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To read my review of The Sea, go here.

To read my review of The Philadelphia Story, go here.

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PBS flies the white flag

In today’s Wall Street Journal “Sightings” column, I consider the PBS Fall Arts Festival 2014. Here’s an excerpt.

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Fifty years ago, New York’s fine-arts institutions set the tone for the arts in America to an extent that is unimaginable now. One of the reasons for their collective dominance, of course, was that some of them didn’t have a whole lot of competition: Regional dance, opera and theater were still in their cradles in 1964. But even the major regional museums and symphony orchestras that already existed in abundance had yet to become truly national institutions. In fact, most of them were all but unknown outside their home cities. Why? Because the national news media largely ignored their activities. Yes, the three commercial TV networks, not to mention Time and Life and Newsweek, devoted quite a bit of time and space to the fine arts in the early ‘60s—but they all operated out of Manhattan, and so they mostly concentrated on covering the great New York-based arts organizations with which they were surrounded.

Today you can find first-rate art from coast to coast—but the national media no longer cover the fine arts other than sporadically in New York, much less elsewhere in the U.S. That’s where PBS is supposed to come in. Its mandate, President Lyndon Johnson said, was “to enrich man’s spirit,” and throughout most of its history it did so by devoting a significant part of its schedule to the fine arts.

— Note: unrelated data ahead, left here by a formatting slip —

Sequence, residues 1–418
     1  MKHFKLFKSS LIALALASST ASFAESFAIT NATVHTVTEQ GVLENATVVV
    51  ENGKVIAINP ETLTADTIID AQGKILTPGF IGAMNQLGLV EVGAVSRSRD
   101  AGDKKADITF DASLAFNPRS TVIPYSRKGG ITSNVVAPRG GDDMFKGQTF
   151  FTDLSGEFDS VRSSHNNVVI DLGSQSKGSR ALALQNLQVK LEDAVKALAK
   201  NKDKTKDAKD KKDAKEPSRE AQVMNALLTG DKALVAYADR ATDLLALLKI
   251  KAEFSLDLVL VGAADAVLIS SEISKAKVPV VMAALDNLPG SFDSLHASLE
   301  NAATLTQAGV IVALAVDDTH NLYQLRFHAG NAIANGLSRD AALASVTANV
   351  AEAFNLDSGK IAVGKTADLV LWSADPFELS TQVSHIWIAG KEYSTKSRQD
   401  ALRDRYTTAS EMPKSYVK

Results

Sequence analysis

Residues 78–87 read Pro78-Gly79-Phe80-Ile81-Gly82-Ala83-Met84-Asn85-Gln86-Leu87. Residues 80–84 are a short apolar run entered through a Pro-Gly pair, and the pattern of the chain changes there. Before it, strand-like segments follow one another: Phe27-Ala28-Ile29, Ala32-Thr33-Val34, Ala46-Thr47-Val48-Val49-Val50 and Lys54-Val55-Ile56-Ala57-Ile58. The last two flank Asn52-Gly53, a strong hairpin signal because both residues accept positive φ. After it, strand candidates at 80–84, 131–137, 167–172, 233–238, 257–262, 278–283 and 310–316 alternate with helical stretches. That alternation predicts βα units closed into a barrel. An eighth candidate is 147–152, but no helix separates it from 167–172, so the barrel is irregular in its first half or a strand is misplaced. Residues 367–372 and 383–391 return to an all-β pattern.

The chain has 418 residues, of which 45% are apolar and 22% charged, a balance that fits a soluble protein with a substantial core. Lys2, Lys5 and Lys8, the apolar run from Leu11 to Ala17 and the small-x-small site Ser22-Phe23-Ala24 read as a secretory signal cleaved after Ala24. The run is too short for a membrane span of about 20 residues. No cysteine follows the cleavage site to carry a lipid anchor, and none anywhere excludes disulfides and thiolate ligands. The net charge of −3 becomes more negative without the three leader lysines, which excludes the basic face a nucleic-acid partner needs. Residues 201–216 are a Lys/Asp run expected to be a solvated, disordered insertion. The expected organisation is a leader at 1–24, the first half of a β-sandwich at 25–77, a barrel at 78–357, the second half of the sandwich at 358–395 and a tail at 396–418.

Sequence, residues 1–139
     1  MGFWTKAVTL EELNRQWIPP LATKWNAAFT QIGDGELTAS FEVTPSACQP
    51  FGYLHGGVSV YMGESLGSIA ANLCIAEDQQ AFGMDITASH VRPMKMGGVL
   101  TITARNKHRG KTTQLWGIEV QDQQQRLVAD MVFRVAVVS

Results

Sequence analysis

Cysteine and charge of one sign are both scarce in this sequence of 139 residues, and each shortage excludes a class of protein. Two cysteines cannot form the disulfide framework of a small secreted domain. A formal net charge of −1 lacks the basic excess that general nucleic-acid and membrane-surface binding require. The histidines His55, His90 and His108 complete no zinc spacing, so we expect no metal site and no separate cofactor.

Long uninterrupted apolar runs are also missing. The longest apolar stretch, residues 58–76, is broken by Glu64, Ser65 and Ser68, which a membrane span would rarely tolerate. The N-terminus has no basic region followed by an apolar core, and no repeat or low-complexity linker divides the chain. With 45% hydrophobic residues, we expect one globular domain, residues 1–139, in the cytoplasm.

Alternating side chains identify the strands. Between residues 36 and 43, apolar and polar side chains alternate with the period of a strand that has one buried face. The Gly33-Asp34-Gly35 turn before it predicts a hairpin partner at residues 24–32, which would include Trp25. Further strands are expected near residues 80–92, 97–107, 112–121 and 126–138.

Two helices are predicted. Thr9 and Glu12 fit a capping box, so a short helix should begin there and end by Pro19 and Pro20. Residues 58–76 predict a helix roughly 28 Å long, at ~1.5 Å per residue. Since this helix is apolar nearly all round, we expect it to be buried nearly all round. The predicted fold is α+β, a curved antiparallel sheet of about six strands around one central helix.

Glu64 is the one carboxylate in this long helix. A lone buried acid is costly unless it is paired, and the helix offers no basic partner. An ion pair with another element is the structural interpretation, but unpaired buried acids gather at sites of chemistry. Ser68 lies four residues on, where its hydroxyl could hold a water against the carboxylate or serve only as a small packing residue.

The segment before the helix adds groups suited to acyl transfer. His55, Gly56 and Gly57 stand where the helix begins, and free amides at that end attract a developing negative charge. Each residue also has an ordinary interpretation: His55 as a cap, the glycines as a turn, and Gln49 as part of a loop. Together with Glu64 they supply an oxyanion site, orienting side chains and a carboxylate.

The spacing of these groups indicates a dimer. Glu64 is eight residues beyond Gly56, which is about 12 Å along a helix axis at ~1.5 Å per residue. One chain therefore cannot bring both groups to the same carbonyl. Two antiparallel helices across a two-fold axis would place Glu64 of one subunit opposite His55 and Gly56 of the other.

Kristin ChenowethAnd how does it do so today? Last week PBS announced its new Arts Fall Festival lineup. Paula Kerger, the network’s president and CEO, has been playing it ultra-safe ever since, in 2011, she launched the Fall Festival, PBS’ flagship arts-programming venture. I surveyed the first year’s shows and found them to be “a stiff dose of the usual safety-first pledge-week fare.” I hoped back then that things might improve over time, but the entries for 2014 are even blander and more predictable….

Note well what is missing from the Fall Festival lineup: It includes no ballet or modern dance, no classic theater, no real jazz, no opera save for “Porgy” and no classical music of any kind. Moreover, the nine programs barely hint at the nationwide scope of American art: Of the eight performance-based shows in the series, all but three were taped in New York….

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Read the whole thing here.

To read the official press release announcing the PBS Fall Arts Festival 2014, go here.

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Almanac: Tennessee Williams on death

INK BOTTLE“We all live in a house on fire, no fire department to call; no way out, just the upstairs window to look out of while the fire burns the house down with us trapped, locked in it.”

Tennessee Williams, The Milk Train Doesn’t Stop Here Anymore